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Peninsula Energy: Production to be Fully Insourced Following Processing Contract Termination

DISCLAIMER: Any written content contained herein should be viewed strictly as analysis & opinion and not in any way as investment advice. No compensation was received for this report. Visitors to this site are encouraged to conduct their own due diligence.


As surprise disclosure late last night, Peninsula Energy announced that uranium yellowcake production from the Lance ISR project would be delayed due to notification from Uranium Energy Corp (UEC) choosing to suddenly terminate a long standing toll processing agreement. This announcement came as a surprise to Peninsula seeing as the toll milling agreement with UEC was in place since 2015 whereby loaded resins from Lance were treated at UEC’s Irigaray Central Processing Plant (CPP) in order to produce finished yellowcake. Though a mutually agreed upon provision provided for a 270 day notice of termination period, given the unexpected circumstances, Peninsula has elected not to use any of UEC’s resin processing capacity during the remaining term of the agreement. Keep in mind that a steady state of production is what is needed for ISR operations, not one of start, pause and then re-start again. A total of 270 days would not have been sufficient to bridge to the accelerated in-house timeline. The sudden announcement was both disappointing and frustrating since Peninsula was on the cusp of production re-start and since UEC has no immediate need for any resin drying capacity for its own operations. Recall that since the beginning of toll milling agreement, Peninsula did partially provide for the upkeep of the Irigaray CPP which is currently licensed for 2.5M lbs annually. Though essentially pulling the rug from under Peninsula's feet at point of maximum pain, for whatever reason, UEC did have the contractual right to terminate the toll milling contract without cause. Though a hit to near-term production, an accelerated focus to become fully self-reliant only positions Peninsula towards a much better place strategically over the longer term.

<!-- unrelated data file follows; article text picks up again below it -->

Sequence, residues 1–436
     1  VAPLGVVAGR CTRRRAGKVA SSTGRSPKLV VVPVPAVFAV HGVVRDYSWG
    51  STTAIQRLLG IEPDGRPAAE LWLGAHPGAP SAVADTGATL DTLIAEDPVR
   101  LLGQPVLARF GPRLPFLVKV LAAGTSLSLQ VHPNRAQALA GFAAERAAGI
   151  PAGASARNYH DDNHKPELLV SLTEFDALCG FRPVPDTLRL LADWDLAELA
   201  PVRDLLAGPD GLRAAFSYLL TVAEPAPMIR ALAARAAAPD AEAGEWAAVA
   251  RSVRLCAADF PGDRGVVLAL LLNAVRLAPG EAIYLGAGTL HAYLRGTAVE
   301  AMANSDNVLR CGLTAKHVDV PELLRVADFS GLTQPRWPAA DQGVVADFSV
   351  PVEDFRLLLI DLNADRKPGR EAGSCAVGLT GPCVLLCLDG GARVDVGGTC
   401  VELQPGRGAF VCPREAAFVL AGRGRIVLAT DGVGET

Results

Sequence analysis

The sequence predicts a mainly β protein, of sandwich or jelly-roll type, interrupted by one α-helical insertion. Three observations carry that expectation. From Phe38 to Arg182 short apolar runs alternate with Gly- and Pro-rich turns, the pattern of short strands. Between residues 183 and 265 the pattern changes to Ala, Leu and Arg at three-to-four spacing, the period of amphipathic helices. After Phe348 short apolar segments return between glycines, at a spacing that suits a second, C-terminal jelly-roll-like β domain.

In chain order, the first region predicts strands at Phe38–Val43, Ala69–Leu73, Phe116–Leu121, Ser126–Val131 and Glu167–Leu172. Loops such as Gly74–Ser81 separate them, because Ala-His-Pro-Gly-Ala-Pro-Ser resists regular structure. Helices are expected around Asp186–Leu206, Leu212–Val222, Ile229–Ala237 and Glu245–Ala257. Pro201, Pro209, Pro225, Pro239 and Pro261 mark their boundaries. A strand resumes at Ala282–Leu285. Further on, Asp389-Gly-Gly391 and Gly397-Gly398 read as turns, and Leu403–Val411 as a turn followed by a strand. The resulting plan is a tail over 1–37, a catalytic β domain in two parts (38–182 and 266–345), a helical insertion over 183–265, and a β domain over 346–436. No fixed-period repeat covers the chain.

As we await for details on the accelerated ramp schedule and associated costs, we refrain from making any drastic changes to our initial Stage-2 production ramp. The notable changes being a delayed start (now seen in 2025), higher average annual production spread over a shortened LOM - now extending to 2033, and an estimated $50M financing. Though we previously had a price objective anchored by a 1.30x NAV8% multiple, for the time being, we will refrain from any 12-month price objectives.

Though bearish in the near term as evidenced by the -30% stock price reaction at the North American open, Peninsula will emerge stronger in the long term given a newfound focus to accelerate the in-housing production strategy. Recall that initially (as described in the 2022 DFS), the plan was to outsource the loaded resin and only move to in-house resin processing following a two-year period. Specifically, the two stage ramp up process was envisioned as follows:

Stage-1: Utilize low pH solutions at the flow capacity of 2,500 gpm which would result in annual production of approximately 820,000 lbs (average head grade of 76 ppm).

Stage-2: Following two years of stage 1 production with the outsourced toll-milling agreement, the Ross CPP has been expanded to reach flow rates of up to 6,250 gpm while elution systems for stripping uranium from the resins have been added, along with the needed drying capacity needed for yellowcake production. At an envisioned head grade of 76 ppm, annual production was seen at 2.0M lbs U3O8 per year. That said, permits in-hand allow for production of up to 3.0M lbs annually. This represent the highest ISR plant production capacity outside of UEC’s Hobson (4.0M lbs annually) and Cameco’s (CCJ) Smith Ranch-Highland (5.5M lbs annually).

Given the very sudden contract termination announcement, budgets and detailed timelines have yet to be re-worked, finalized and disclosed in order to achieve the accelerated path to Stage-2 (full in-house) production. Peninsula was on the verge of production re-start given that Mine Unit 1 was fully prepared for operations with well patterns already pre-acidified and flowrates of 500 gpm established and increasing. Recall that the Ross CPP was constructed in 2015 – though fully licensed for production of finished uranium yellowcake, the facility at this point was built to produce uranium bearing ion-exchange resins. As per DFS, the upgrades to reach Stage-2 production would have taken two years at an estimated capex of $69.9M (specifically $24.1M for plant expansion and $45.8M for wellfield expansion). We estimate that an accelerated timeline would likely take between 12-18 months. Providing a certain level of cushioning, note that Peninsula's cash on hand amounted to $21.5M (as of June 30, 2023) in treasury along with finished uranium inventory totaling 210,000 lbs (currently valued at $11.76M using the current $56.0/lb spot). Just as importantly, the company has zero LT debt.